AfriGeneas Free Persons of Color Forum
Constructions of race Spanish Florida
In Response To: Re: Constructions of race ()
I shared your posting with some friends. They were not only impressed with your forthcoming lectures but also your multi-cultural scholarship. You've got a growing list of fans in New York and France!
Your response concerning Florida (and other Gulf Coast states) as continued historical links to the Caribbean inspired me to do another search in the Florida archives.
Because the search results are too long to to cut and paste, if you click again on the url below, it will take you to the main Cross Collections databases. This is a more direct way to search. Just click on the Florida Collection. When the page comes up. Just check the boxes for Florida Heritage Collection and the Florida Historic Legal Documents. Then enter your search term.
Sorry for all these instructions, but the search engine will give you more "drilled down" or specific topic results such as family name, places, Florida, New Orleans. Florida A & M (including the Caribbean)
I suggested the above since I found many citations for "Grace Real de Santa Teresa de Mose", better known as Fort Mose. Fort Mose supports your reference to links in the Caribbean. There has been so much mis-information about Fort Mose and its people and history. The biggest flawed description is of Blacks (always noble warriors) living in chaotic romantic squalor in the Everglades. (Wrong)
The latest is that "Grace Real de Santa Teresa de Mose" ca. 1738, was part of the Underground Railroad. (Wrong Again)
Historian Jane Landers writes, "Governor Montiano restated the crown's offer of freedom to escaped slaves from the English colonies in a Bando issued in 1738, and in the same year he established a settlement for the fugitives, called Gracia Real de Santa Teresa de Mose, about onehalf league north of St. Augustine. He provisioned the settlement and assigned Don Joseph de Le_n to instruct the new residents in Christian doctrine and Sebasti_n S_nchez to teach them to farm. Montiano reported that twenty-three men, women, and children had arrived from Port Royal on November 21, 1738, and had been sent to live in Mose.20 These may have been part of the group of nineteen slaves belonging to Captain Caleb Davis and "50 other slaves belonging to other persons inhabiting about Port Royal" that "ran away to the Castle of St. Augustine" in November 1738. Captain Davis attempted to recover his slaves in St. Augustine, but the Spanish blocked his efforts, and he later reported that the blacks laughed at him." (Poor Captain Davis LOL)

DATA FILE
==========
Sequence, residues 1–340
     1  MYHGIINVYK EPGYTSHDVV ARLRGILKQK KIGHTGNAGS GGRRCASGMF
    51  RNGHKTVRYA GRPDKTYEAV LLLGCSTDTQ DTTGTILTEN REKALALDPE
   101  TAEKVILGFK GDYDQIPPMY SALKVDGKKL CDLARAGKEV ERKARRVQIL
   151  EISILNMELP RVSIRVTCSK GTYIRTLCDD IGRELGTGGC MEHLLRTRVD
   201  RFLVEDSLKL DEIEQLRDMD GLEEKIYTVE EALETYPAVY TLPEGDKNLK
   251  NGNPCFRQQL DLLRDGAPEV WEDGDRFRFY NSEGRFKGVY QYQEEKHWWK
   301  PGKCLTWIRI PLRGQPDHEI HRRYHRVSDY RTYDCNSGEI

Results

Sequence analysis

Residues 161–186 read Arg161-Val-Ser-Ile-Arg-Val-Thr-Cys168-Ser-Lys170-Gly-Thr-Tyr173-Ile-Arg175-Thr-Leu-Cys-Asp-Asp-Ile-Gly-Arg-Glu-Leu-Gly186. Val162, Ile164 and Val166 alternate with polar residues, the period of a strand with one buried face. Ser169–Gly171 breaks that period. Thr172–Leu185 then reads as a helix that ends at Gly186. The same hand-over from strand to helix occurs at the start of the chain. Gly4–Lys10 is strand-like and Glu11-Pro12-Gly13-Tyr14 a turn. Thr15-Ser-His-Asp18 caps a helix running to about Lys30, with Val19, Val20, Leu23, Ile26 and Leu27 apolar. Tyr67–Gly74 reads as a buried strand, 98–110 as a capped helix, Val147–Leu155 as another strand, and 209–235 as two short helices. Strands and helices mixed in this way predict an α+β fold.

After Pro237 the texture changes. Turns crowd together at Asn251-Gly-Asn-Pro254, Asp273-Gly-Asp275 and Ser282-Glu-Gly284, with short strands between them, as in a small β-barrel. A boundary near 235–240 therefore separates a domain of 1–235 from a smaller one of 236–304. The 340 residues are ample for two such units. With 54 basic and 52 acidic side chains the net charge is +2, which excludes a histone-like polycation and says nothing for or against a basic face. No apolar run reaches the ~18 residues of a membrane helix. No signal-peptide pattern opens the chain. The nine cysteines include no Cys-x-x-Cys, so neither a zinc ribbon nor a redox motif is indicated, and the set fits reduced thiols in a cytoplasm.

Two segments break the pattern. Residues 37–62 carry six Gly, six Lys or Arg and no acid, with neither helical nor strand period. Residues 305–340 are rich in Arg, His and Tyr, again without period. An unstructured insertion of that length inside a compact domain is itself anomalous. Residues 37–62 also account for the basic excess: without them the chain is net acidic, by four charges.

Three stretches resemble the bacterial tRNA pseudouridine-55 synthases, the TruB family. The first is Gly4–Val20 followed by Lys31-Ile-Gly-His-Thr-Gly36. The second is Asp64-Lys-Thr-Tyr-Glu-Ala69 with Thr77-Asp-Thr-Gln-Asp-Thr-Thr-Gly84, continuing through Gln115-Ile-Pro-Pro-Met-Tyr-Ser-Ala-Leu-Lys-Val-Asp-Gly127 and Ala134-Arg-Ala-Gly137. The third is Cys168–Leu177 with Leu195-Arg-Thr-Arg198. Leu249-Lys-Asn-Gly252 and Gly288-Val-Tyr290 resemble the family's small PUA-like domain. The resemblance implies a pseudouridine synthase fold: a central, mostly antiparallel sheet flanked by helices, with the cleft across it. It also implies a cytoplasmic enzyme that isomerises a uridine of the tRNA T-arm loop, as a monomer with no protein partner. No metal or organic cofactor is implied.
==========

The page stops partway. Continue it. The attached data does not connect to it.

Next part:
The article mentions the names its first settlers. "In this correspondence, Navarrete reported the baptism of fourteen fugitive slaves living at Mose listing the names as follows: francisco Xavier, Rosa Xaviera, Juan Josseph, Juan Manuel, Antonio Josseph, Ana francisca, franco Xavier, otro franco Xavier, Maria de Loretto, Micaela, francisco" (Landers)
As for immigration to and from the Caribbean, Landers says "Mose survived through the first Spanish period, but when the Spanish left Florida at the end of the Seven Years' War, the Mose residents went with them. Evacuation statistics vary as to whether seventy-nine or ninety-nine free blacks sailed out of East Florida to resettle in Havana, but there is no record that any chose to stay behind."
At the end of the Second Spanish interlude in 1821, when Spain handed over Florida to the Americans many free and enslaved fled with them to Cuba or to other islands. These people of color knew better than to stick around and wait for the Americans to ruin them and the neighborhood. History proved them right.
So if you find any of my ancestors in Cuba or St. Domingue, please let me know.
K Wyer Lane
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